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MDG's radiology lab serves those needing x-rays

Rhonda Janroy uses a digital screen to take a patient's x-ray.

Rhonda Janroy, 75th Medical Group lead diagnostic imaging technologist, takes a patient's x-ray at Hill Air Force Base, Utah, Nov. 5, 2021. Laboratory staff take and process digital x-rays which are then sent to a radiologist to examine and determine a patient's care. (U.S. Air Force photo by R. Nial Bradshaw)

Rhonda Janroy positions a patient for an x-ray

Rhonda Janroy, 75th Medical Group lead diagnostic imaging technologist, positions a patient for an x-ray at Hill Air Force Base, Utah, Nov. 5, 2021. Laboratory staff take and process digital x-rays that are then sent to a radiologist to examine and determine a patient's care. (U.S. Air Force photo by R. Nial Bradshaw)

Left to right, Tech. Sgt. Quincy Shay, Rhonda Janroy and Staff Sgt. Anthony Hiser, sitting on an x-ray table.

Left to right, Tech. Sgt. Quincy Shay, Rhonda Janroy and Staff Sgt. Anthony Hiser, 75th Medical Group radiology lab, provide x-ray services at Hill Air Force Base, Utah, Nov. 5, 2021. Laboratory staff take and process digital x-rays that are then sent to a radiologist to examine and determine a patient's care. (U.S. Air Force photo by R. Nial Bradshaw)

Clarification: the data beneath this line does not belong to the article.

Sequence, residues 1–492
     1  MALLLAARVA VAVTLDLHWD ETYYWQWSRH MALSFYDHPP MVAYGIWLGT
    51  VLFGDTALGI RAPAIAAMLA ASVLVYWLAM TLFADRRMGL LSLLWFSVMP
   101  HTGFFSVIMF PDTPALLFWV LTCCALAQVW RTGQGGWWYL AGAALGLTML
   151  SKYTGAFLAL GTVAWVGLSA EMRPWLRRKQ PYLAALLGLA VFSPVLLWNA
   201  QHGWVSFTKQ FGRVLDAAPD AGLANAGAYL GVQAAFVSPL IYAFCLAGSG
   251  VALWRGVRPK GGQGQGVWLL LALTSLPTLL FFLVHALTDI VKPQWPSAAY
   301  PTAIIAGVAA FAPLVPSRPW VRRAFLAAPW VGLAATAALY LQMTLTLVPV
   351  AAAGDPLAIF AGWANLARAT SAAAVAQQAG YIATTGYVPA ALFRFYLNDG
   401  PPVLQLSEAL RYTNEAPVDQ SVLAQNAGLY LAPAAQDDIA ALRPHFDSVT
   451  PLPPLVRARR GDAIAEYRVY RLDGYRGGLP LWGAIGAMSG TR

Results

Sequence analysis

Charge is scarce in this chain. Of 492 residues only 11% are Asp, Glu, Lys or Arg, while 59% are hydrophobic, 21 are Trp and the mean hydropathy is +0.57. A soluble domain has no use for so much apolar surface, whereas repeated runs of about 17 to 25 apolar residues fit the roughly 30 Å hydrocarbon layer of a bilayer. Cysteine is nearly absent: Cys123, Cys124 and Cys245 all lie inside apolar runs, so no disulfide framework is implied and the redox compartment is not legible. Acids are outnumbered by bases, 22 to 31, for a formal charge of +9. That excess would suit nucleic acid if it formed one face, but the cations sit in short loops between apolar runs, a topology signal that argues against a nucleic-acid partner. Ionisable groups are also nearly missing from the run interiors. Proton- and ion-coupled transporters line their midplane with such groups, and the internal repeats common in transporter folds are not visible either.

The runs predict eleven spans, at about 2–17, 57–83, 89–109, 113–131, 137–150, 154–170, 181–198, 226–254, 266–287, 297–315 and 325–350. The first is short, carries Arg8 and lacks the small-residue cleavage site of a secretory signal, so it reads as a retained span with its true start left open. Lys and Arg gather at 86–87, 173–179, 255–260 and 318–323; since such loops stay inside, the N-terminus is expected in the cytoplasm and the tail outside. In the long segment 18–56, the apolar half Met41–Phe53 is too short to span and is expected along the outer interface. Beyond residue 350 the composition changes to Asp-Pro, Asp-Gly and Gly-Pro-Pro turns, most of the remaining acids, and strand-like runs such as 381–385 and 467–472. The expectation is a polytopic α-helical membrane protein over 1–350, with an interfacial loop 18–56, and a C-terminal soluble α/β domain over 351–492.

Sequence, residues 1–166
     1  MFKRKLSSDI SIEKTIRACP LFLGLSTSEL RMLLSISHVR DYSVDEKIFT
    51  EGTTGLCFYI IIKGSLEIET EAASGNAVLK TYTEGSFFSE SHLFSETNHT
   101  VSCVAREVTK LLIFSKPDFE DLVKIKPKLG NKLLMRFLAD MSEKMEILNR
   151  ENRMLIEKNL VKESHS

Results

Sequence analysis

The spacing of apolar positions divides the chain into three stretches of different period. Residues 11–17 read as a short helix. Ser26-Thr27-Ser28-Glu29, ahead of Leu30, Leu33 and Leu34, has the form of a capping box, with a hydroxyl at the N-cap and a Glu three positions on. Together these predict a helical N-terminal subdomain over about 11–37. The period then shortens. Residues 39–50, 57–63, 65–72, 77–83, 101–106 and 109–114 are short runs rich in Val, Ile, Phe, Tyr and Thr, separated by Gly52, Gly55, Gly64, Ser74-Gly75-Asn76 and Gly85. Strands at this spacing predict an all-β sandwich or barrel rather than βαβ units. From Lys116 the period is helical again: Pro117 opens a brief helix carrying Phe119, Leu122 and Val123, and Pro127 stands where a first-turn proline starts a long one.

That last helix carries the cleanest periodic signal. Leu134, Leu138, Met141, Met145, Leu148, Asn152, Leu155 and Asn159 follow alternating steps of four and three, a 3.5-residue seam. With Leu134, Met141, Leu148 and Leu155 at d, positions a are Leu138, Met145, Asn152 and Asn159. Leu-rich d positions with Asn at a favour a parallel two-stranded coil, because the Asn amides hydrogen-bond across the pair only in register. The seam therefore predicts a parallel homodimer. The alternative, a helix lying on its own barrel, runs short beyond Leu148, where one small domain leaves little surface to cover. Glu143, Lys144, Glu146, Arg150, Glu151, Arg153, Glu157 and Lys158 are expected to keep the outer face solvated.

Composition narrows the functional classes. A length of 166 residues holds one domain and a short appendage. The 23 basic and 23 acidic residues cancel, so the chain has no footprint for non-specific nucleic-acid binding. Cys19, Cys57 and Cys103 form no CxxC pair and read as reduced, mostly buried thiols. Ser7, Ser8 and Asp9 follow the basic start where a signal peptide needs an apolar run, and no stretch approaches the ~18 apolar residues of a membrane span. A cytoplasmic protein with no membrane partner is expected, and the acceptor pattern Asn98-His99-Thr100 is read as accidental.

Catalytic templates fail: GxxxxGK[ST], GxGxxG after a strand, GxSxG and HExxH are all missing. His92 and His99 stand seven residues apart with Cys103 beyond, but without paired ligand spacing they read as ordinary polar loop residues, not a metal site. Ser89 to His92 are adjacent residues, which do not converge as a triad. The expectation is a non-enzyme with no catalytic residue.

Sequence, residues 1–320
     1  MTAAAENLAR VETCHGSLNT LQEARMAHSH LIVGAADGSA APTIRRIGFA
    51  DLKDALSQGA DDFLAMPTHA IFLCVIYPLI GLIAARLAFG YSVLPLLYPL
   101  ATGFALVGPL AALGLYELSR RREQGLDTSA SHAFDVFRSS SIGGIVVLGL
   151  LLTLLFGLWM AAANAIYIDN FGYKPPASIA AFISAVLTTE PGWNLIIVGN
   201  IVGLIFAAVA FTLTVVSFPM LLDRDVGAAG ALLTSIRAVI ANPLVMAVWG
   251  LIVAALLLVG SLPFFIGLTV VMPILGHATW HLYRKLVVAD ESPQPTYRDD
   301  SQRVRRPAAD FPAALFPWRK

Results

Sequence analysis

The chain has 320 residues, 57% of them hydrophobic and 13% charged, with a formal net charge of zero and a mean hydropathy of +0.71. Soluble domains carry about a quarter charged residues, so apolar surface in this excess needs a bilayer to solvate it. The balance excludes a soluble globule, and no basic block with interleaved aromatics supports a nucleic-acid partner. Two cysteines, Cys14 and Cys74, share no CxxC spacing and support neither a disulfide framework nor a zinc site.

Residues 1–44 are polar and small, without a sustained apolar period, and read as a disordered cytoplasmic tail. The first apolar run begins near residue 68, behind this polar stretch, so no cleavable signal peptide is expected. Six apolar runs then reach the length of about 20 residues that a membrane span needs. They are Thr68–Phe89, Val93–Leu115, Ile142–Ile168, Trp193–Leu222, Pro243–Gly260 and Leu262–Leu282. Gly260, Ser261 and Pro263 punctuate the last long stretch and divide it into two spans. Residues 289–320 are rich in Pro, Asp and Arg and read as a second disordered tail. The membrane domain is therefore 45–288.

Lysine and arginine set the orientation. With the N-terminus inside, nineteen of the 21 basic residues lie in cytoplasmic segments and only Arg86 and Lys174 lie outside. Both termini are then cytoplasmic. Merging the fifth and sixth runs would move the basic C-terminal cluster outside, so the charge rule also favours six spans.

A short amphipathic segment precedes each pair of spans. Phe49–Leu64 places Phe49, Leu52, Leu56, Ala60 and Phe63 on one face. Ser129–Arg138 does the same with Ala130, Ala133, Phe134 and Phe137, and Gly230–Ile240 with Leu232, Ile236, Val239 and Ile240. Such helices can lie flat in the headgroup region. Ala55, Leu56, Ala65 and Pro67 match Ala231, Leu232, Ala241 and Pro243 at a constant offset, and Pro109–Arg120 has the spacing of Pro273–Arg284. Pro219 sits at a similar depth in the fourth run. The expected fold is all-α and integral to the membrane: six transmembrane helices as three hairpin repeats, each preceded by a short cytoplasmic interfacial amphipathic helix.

Staff Sgt. Anthony Hiser looks at an x-ray on an computer screen.

Staff Sgt. Anthony Hiser, 75th Medical Group NCO in charge of diagnostic imaging, prepares an x-ray for transfer to an off-site radiologist. Laboratory staff take and process digital x-rays that are then sent to a radiologist to examine and determine a patient's care. (U.S. Air Force photo by R. Nial Bradshaw)

HILL AIR FORCE BASE, Utah --

Unless you’ve needed an x-ray recently, you may not know that Hill Air Force Base has a radiology department.

The laboratory is run by four radiology technicians, one civilian and three military members: lead technologist Rhonda Janroy, flight chief Tech. Sgt. Quincy Shaw, NCO in charge Staff Sgt. Anthony Hiser and technician Senior Airman Ellis Matthews.

The laboratory sees about 12 patients a day, which Hiser says is the perfect amount to give each patient quality service without feeling rushed.

“Most of the patients we see here aren’t severely injured, so we are able to give each patient the proper care and attention they need and deserve,” Hiser said. “We can spend the time we need to do things right, and ensure we have a good x-ray.”

Hill’s laboratory offers basic x-ray services. As there is no radiologist in the lab, x-rays are sent digitally through a system called IMPAX to the Air Force Academy, where radiologists there will examine the x-ray and make a determination on the patient’s care.

Janroy, who manages IMPAX, said she having no radiologists at Hill has not hindered their ability to provide patients with the care they need.

“I actually enjoy the autonomy. We are the subject matter experts so when we see something that a radiologist should pay special attention to, we can let them know,” Janroy said.

Janroy has been at the base for 18 years.  Although she plans to retire within a few years, she has enjoyed her time working in the radiology department.

“It has been a very good job,” she said.